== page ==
A great stag (an adult male deer), mighty and majestic, became sick and staggered off to a corner of the pasture, where he often fed. He chose a lush, green corner, where plant life abounded and where he could rest until he regained his strength.
His companions came to his resting place in great numbers to see him and to ask how he was doing. Each one, however, thinking only of himself, helped himself to the lush food that surrounded the ailing deer until the ground all around his bed was bare and the food was all gone.
Before long, the stag died, not from his sickness, but from the hunger and weakness his evil companions had caused.
That story, based on one of Aesop's fables, is an illustration of how bad company can hurt you. It's just one example of why the Bible says, "Don't team up with those who are unbelievers" (2 Corinthians 6:14).
That doesn't mean that God wants you to turn your back on people who don't know him. You can still follow God's command to treat everyone kindly and with respect. You should still witness to unbelievers and try to help them trust Christ for salvation.
However, if you're obeying God and growing closer to him, you'll find that you have less and less in common with unbelievers. After all, like the Bible says, "How can goodness be a partner with wickedness? How can light live with darkness? What harmony can there be between Christ and the Devil? How can a believer be a partner with an unbeliever?" (2 Corinthians 6:14-15).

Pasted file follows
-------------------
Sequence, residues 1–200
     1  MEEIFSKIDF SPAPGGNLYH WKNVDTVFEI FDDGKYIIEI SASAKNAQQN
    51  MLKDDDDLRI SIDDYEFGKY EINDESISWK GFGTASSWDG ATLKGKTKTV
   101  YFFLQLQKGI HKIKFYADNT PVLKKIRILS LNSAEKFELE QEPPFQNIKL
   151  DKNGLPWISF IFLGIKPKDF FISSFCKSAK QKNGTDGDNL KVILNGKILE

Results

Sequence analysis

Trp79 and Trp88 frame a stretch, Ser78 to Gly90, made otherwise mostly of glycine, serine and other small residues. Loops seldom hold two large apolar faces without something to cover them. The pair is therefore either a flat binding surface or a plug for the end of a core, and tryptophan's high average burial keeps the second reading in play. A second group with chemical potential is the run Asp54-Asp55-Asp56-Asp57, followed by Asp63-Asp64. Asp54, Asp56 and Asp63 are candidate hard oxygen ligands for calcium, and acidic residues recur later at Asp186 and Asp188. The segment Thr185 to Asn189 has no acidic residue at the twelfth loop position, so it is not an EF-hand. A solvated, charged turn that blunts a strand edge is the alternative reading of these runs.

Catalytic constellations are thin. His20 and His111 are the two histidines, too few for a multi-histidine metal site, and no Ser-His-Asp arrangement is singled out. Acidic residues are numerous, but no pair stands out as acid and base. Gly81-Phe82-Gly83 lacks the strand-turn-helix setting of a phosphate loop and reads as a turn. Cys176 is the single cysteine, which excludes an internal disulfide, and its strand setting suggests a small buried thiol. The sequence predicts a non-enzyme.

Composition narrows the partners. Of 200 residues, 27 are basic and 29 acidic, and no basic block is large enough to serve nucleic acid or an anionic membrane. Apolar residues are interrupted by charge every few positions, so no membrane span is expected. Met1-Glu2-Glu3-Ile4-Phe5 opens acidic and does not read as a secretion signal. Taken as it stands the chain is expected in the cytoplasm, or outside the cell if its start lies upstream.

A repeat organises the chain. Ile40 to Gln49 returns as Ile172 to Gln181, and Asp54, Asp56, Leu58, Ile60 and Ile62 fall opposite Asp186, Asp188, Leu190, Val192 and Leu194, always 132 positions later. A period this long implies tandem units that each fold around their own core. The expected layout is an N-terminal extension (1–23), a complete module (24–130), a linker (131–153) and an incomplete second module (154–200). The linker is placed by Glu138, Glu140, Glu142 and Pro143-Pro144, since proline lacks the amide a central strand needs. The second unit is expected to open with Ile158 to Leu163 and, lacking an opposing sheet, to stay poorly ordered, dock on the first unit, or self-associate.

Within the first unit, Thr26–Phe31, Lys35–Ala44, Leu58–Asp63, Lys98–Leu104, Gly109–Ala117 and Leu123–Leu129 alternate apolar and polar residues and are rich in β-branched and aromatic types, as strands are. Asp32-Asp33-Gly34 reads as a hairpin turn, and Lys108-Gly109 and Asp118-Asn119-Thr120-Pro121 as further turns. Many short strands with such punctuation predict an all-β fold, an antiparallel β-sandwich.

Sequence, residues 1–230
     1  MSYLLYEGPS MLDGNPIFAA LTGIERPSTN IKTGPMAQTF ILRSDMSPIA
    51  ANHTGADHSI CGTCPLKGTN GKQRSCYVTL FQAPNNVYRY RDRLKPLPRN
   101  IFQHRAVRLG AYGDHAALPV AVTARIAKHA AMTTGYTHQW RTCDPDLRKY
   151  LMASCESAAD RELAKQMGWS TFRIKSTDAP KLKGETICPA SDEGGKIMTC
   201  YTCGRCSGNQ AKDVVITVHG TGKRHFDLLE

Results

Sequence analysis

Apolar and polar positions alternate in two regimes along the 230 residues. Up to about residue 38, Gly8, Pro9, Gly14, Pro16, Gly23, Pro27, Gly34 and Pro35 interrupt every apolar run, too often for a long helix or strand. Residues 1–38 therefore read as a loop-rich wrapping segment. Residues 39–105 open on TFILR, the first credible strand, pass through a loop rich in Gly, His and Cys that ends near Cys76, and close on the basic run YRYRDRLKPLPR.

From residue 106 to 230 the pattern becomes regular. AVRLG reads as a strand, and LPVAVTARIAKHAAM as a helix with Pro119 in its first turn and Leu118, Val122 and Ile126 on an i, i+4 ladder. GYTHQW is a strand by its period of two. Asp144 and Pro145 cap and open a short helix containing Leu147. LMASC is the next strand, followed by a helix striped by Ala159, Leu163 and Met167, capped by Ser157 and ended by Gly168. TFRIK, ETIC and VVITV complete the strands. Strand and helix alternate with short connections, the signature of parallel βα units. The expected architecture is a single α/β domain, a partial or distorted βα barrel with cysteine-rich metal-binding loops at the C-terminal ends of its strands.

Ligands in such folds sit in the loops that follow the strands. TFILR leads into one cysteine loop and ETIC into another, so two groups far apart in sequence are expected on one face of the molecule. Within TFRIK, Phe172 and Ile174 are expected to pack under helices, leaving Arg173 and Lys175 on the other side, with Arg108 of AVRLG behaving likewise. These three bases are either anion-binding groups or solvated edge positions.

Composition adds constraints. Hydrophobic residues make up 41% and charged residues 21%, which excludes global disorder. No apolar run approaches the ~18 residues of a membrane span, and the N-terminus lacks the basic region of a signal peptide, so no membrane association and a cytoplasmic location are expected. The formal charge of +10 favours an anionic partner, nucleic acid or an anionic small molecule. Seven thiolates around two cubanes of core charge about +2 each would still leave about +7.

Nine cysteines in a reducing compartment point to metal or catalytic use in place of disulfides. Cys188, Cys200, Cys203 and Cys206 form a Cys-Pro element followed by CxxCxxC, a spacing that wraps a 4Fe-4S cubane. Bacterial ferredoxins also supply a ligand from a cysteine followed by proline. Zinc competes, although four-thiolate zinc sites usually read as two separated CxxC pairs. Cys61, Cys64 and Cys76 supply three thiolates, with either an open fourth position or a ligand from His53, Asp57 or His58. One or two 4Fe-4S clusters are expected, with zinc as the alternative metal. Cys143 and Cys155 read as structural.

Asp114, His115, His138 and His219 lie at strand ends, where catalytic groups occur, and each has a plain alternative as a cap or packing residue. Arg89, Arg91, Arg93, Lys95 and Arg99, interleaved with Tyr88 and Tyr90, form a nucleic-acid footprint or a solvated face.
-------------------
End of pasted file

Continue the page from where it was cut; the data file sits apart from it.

Some people apply these verses mainly to dating relationships. However, the warning applies also to friendships, business partnerships, and so on.
Right now, it's important that you choose carefully the friends you spend the most time with. Seek out Christian friends who will help you grow in your faith. And think about these words from Scripture: "Do not be misled: 'Bad company corrupts good character'" (1 Corinthians 15:33, NIV). They're a good reminder that bad company-like the sick stag's companions-will do you more harm than good.
REFLECT: Are your closest friends Christians or non-Christians? Do your closest friends influence you in good ways, or are they sometimes a bad influence? Do you need to seek out more Christian friends who will help you grow in your faith?
ACT: Light a candle sometime today or tomorrow to remind you that light has no "fellowship" with darkness.
PRAY: "God, show me where I need to back off from friendships with non-Christians, such as... , and help me to choose to spend more time with Christian friends, including..."